Release The Hounds!

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Wednesday, January 18, 2006

One Person's "Sexual Predator" Is Another's Knight In Shining Armor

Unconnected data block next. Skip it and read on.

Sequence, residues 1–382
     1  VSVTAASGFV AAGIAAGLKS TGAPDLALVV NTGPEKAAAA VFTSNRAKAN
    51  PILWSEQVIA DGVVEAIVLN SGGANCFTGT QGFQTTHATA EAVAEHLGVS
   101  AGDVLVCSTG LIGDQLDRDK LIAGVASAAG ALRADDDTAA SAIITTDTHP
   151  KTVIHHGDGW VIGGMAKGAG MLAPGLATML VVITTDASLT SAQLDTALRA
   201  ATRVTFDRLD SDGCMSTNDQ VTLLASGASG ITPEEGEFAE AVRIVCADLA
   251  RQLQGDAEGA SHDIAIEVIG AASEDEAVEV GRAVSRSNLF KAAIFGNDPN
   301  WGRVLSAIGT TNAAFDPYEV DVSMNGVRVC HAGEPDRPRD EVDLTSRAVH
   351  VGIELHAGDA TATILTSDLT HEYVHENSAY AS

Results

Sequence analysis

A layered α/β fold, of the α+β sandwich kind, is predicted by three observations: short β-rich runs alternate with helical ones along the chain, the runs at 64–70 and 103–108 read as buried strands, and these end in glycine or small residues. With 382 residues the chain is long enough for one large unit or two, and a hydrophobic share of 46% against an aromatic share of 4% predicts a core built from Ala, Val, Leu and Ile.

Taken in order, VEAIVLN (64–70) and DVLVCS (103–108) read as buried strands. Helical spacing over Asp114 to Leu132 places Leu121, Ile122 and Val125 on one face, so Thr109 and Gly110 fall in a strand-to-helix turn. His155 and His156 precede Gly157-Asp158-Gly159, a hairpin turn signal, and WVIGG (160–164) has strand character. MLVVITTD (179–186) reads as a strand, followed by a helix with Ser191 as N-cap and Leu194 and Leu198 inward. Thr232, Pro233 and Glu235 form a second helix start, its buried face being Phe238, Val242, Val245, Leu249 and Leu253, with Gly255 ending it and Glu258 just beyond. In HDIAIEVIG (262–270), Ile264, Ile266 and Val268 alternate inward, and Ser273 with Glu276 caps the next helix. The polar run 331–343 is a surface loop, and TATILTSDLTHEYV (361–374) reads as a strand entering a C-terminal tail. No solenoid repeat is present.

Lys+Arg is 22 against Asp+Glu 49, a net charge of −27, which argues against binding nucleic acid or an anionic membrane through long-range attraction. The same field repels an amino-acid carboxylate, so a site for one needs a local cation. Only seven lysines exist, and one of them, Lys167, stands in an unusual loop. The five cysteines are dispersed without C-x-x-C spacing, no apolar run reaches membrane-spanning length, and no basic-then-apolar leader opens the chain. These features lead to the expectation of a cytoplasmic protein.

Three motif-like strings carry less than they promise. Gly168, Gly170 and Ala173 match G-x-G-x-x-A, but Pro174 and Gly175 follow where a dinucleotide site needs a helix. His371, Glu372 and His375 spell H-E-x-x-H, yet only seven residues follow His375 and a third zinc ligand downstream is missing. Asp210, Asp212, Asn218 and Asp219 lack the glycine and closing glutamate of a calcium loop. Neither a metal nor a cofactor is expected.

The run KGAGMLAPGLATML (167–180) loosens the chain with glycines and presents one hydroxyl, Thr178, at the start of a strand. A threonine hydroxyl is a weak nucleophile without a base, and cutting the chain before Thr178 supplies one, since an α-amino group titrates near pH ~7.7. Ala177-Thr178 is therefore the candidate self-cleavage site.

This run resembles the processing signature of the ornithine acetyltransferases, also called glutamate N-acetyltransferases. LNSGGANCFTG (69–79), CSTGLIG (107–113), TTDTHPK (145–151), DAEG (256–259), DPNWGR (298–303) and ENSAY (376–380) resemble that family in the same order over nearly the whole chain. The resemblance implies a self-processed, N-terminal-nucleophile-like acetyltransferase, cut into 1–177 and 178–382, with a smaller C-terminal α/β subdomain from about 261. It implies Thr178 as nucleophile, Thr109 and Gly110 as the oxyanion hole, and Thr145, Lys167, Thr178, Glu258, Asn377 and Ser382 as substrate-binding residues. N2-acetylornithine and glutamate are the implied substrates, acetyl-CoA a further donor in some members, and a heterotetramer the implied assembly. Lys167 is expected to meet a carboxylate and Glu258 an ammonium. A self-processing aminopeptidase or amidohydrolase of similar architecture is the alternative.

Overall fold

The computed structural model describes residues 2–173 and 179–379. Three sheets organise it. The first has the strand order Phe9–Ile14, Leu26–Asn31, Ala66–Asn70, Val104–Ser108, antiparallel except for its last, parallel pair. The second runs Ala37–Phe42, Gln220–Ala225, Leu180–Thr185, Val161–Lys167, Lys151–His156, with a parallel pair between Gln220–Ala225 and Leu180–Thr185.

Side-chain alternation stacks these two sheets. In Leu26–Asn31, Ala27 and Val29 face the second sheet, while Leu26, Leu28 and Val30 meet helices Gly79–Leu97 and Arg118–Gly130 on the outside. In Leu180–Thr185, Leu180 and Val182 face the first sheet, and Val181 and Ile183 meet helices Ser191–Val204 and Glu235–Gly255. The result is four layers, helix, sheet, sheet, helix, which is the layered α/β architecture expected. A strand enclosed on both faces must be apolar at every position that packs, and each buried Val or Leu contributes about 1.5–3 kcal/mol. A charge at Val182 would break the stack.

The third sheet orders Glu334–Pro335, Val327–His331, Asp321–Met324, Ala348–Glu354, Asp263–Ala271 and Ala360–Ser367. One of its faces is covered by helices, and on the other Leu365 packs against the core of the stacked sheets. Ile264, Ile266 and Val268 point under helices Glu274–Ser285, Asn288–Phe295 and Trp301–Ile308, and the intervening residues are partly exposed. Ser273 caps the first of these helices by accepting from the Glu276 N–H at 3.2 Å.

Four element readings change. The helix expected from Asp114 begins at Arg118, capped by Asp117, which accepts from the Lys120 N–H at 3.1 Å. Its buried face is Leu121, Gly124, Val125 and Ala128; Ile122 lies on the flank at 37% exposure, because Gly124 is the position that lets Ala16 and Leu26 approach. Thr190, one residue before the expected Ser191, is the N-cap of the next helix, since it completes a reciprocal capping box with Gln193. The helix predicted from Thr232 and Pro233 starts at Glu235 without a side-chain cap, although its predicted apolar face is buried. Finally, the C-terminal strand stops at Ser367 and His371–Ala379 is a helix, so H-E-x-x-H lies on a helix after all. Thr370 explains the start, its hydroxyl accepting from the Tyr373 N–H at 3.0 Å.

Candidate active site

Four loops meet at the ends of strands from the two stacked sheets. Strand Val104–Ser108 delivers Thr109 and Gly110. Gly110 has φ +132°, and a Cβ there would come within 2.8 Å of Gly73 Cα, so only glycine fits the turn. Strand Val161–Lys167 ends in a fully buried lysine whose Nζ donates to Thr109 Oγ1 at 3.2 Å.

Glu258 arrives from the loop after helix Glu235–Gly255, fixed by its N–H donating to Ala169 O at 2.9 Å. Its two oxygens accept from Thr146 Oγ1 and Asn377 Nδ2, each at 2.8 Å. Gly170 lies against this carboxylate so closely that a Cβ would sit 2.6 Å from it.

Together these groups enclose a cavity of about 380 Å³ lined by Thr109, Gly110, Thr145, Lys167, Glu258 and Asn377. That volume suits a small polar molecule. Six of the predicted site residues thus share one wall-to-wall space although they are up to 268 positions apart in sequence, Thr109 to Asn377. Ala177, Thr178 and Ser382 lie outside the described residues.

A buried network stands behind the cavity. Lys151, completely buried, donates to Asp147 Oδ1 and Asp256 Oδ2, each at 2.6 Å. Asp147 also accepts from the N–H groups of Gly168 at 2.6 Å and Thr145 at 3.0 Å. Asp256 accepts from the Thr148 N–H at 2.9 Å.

Why is the term "sexual predator" considered an incendiary one in the gay community? I ask because critic Gene Shalit has apologized for using that term in his initial review of "Brokeback Mountain." He went on to say: "I certainly had no intention of casting aspersions on anyone in the gay community or on the community itself. I regret any emotional hurt that may have resulted from my review of `Brokeback Mountain.'" How is a "community" emotionally injured by a moviegoer's perception of a character on the screen? I haven't seen the movie but if one of the characters comes across to some as a sexual predator, so be it. Remember the Bret Easton Ellis book (and then movie) "American Psycho"? That story surely cast a few aspersions on the white, heterosexual male community. I don't recall any upset over that aspect of the movie. The hypersensitive identity politicians have the right to issue notices of their aggrievment. The problem lies with the spineless who respond.
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